Brave new world of wellbeing


As Finland aims to be an international health and wellbeing leader, the possibilities for boosting personal health through self-care have never been greater.

Ancient Roman poet Virgil penned these words of wisdom: “The greatest wealth is health.” Today, thousands of years later, his sentiment rings true – perhaps more so than ever before.

Around the world health and wellbeing sectors have radically changed due to the surge in self-care products in health tech and superfoods, the quest for cost-effective solutions in response to public healthcare cutbacks, and the rise of wellbeing as a proactive lifestyle choice.

Health and tech

Finland is the first country in Europe to totally revamp its healthcare system, according to Christian Lindholm, co-founder of HealthSPA start-up cluster and a digital communications industry veteran who has led companies ranging from Fjord to Yahoo.
Lindholm and his HealthSPA co-founders Sébastien Gianelli, Pekka Sivonen and Kenneth Salonius see an opportunity in health-related technology in Finland. 
“There are 400 companies operating in the Finnish health tech sector with a turnover of about 3 billion euros,” says Pekka Sivonen, a third generation entrepreneur and founder of Digia, a publicly listed mobile software company.
“We want to establish Finland as a hub for health and wellbeing,” says Sébastien Gianelli, who in 2012 joined Lindholm at Koru, a software company focused on wearable smart devices.
HealthSPA’s mission is to bridge small start-ups with large established international companies such as GE Healthcare, Nokia and Samsung. “Big companies are looking for fresh ideas, which is what start-ups offer. In turn, large companies can provide infrastructure and funding that new ventures often need,” says Kenneth Salonius, a young entrepreneur in the health and wellbeing field.
At Slush, one of Europe’s leading start-up events held every November in Helsinki, the health stream has been the biggest-of-all theme areas during the last two years. 

Health = happiness

Finland has an international track record of exceling in areas such as technology and wellbeing – last year the country of 5.4 million ranked eighth in the OECD’s Better Life Index, moving up four places from the previous year.
The strong telecommunications history makes pairing health and wellbeing with tech a natural fit, according to Gianelli. “Look at gaming companies Supercell and Rovio, and cyber security and data expertise with F-Secure and Linux, for example. Data hosting is also world-class with companies such as Yandex and Google setting up centers here,” he says.
Behind all the high tech is a way of life that favors simplicity and a connection to nature. “The Nordic lifestyle is made up of many things including the world’s purest food and clean nature, which are part of a winning formula for health,” says Sivonen.

Ones to watch

Will the rise of the quantified self – self-knowledge through self-tracking with technology that allows people to monitor and improve their health and wellbeing – transform the accessories market this year?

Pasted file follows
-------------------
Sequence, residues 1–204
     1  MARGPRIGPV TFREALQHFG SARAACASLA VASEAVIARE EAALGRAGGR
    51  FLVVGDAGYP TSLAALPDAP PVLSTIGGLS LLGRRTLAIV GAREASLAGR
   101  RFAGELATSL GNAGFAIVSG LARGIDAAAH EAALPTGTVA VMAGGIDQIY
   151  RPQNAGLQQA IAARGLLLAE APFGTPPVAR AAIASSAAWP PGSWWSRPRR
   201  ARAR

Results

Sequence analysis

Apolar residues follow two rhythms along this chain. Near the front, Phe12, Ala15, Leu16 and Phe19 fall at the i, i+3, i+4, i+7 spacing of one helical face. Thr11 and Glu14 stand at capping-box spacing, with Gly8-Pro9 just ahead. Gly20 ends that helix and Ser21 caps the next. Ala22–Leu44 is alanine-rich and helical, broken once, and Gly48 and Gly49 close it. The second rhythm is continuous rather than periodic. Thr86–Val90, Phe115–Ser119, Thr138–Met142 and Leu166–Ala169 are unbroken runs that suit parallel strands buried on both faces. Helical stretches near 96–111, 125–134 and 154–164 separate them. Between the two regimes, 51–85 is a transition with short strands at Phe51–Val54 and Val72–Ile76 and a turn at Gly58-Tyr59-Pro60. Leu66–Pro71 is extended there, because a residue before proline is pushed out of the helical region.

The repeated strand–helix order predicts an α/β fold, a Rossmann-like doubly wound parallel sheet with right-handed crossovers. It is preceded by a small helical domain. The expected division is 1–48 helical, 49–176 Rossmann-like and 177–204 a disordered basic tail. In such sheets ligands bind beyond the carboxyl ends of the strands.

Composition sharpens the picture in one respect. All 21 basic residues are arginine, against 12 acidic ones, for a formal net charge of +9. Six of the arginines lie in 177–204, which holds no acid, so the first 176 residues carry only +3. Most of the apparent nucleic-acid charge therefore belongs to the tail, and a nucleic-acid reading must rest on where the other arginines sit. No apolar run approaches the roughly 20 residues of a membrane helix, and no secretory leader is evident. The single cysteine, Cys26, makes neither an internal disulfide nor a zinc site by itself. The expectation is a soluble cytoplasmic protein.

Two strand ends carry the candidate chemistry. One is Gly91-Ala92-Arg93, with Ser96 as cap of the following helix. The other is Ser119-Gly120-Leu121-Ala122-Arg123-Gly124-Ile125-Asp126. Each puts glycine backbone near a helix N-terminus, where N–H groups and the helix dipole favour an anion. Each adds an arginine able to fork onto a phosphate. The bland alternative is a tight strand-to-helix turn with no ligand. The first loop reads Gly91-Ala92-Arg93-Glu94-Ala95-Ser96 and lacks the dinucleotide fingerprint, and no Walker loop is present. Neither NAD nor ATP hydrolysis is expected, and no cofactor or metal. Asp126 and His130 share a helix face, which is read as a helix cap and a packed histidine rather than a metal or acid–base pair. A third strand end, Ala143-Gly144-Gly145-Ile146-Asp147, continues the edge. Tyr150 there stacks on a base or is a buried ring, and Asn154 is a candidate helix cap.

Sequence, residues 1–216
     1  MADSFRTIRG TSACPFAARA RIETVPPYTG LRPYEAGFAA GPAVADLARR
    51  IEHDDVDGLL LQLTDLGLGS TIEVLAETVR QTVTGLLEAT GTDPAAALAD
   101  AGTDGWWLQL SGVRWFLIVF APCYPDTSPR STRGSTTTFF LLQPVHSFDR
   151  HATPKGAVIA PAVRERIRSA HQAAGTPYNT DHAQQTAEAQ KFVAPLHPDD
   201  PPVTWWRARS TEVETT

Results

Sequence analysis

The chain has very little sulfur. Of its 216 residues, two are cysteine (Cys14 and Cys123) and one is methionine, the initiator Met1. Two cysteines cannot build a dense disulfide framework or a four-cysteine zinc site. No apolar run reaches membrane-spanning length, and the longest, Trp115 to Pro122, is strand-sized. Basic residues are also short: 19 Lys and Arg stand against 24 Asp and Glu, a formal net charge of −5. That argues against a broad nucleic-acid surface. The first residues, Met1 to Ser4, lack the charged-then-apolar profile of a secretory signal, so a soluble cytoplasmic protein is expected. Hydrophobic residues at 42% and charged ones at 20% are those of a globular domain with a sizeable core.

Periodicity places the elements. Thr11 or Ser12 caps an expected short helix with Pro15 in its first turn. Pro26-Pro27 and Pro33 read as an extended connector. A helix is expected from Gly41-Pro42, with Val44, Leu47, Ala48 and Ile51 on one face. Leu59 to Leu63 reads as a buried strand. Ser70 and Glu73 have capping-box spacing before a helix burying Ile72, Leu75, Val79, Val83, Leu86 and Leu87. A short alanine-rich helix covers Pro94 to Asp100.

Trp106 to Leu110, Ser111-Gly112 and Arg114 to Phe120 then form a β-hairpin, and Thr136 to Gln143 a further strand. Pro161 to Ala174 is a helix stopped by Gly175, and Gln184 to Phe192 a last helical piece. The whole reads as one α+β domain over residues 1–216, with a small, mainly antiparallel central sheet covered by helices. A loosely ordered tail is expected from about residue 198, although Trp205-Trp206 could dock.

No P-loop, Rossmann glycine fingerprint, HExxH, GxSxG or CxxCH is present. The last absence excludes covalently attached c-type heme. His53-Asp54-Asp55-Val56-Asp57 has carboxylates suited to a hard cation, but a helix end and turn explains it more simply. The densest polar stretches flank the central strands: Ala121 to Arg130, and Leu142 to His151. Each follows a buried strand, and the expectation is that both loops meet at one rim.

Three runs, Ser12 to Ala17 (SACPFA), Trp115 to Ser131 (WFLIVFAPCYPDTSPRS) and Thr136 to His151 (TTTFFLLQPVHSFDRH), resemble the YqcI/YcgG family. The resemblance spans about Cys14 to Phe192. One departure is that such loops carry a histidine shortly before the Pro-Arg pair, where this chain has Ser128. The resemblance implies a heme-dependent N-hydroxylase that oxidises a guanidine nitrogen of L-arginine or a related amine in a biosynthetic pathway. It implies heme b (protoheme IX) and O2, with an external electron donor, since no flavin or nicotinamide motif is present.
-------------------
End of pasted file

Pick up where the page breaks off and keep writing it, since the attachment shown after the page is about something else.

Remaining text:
A number of Finnish companies are exceling in the wearables (clothing and accessories that incorporate technology) market. They include heart rate monitor Firstbeat; motivational diabetes management system MODZ; training and performance management solutions company Omegawave; and Navigil personal safety trackers for eldercare. 


Natural ambition

“We want to be the Red Bull of natural superfoods,” says Tero Isokauppila, founder of Four Sigma Foods, which specializes in extracting the powers of mushrooms into sachet-size portions of energy-boosting drinks.
As Isokauppila points out, Asians have used mushrooms for thousands of years. Of the 150,000 known species of fungi about 300 have been shown to have medicinal properties, he explains, adding that: “medicinal mushrooms have given us pharmaceutical medicines such as penicillin.”
Isokauppila, currently based in New York City, grew up foraging for mushrooms and berries with his mother in Tampere, Finland, where his family has farmed since the 1600s. ”I really feel strongly about educating and innovating: mushrooms are vital to the ecosystem and in many cultures they’re overlooked,” he says.
Four Sigma Foods’ Instant Chaga, said to have the same amount of antioxidants as 18 kilograms (45 pounds) of carrots, recently made the glossy pages of the American edition of Vogue. The company’s products are sold in more than 20 countries and available at organic grocery stores such as Whole Foods in the US, Canada and the UK.


Launched in January 2015, Ambronite is a practical all-natural, organic meal-drink that uses 20 real-food ingredients ranging from oats and apples to spirulina and sea buckthorn. Many of the ingredients are sourced from Finland.
“We wanted to use only the most nutrient dense ingredients in their purest form in our drinkable meal,” says Ambronite co-founder Simo Suoheimo.
The idea behind Ambronite – which recently crowdfunded more than 100,000 euros – is not to replace meals, but to provide a healthy option when you are strapped for time. 
“Wild nature has always been my source of inspiration and balance,” says Suoheimo.
Text by Katja Pantzar
Photo by iStock
A longer version of this article was originally published in Finnair's Blue Wings magazine (February 2015).


Published January 29, 2015

Category: Corporate Responsibility